While it may be beneficial to write down your negative thoughts, it is important to limit the time you spend on this. Maybe after writing them down, even throw away the writing. What you are ultimately aiming for is to shift the negativity and come to an understanding of your depression. Remember that for now, you are writing for your eyes only.
What are the 5 Stages of Grieving and How can Writing Help with Each?
Some people refer to five stages of grieving: denial, anger, bargaining, depression or sadness, and acceptance. Some add guilt as a further stage. Nevertheless, grief cannot be bundled into a tidy package. Different people will have different feelings at different times when grieving, so this is intended as a general response only.
Writing when you’re in the denial phase is helpful because often at this early stage you feel overwhelmed and just want to be alone. Writing gives you an outlet for what you might normally share with those close to you.
During the anger stage, it’s really important to process your anger, not deny it. Writing helps to express that anger. Alongside writing, you can also use various embodiment therapies (such as punching pillows as a physical outlet).
Guilt is anger internalised. You beat yourself up thinking you could have done something to prevent the situation you are grieving. So, in writing down why you feel guilty, you can begin to process the irrational thoughts and heal the guilt.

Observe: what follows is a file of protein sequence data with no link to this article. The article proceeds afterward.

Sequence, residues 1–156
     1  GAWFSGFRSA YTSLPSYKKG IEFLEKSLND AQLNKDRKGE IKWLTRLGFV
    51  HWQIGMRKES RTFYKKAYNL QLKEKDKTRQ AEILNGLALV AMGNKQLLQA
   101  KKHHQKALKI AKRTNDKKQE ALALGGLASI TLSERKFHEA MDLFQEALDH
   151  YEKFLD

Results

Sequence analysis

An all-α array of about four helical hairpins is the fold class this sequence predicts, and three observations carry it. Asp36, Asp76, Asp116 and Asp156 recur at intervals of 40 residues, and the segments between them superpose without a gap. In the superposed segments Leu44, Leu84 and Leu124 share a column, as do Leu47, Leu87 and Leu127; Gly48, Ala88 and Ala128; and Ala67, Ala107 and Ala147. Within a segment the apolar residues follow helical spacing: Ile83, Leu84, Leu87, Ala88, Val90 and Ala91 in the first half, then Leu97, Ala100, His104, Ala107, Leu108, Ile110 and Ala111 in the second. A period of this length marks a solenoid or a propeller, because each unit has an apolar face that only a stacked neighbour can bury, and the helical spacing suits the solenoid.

With the third stage, bargaining, you are wishing for the impossible: to bring back the person you have lost by saying things like ‘if they come back, I’ll give up alcohol/smoking’. By writing down your 'bargains', you can give them a voice while understanding that they are impossible desires.
In the fourth stage, depression or sadness, you may again feel overwhelmed and want to withdraw from the world. It’s important to let yourself feel sad—it’s not ‘bad’. Without your usual circle of support around you, writing helps you work through your sadness. You may write about things you did with your loved one, conversations you had, memories of your times together.
The fifth stage, acceptance, doesn’t mean you’re now ‘cured’ of your grief or that you feel ‘okay’. It means that you begin accepting the reality that your loved one is physically gone and recognising it as a permanent reality. Writing during this phase may help you learn to live with it. You might use your writing to explore how your life now needs to look without this person in it, including reorganising roles.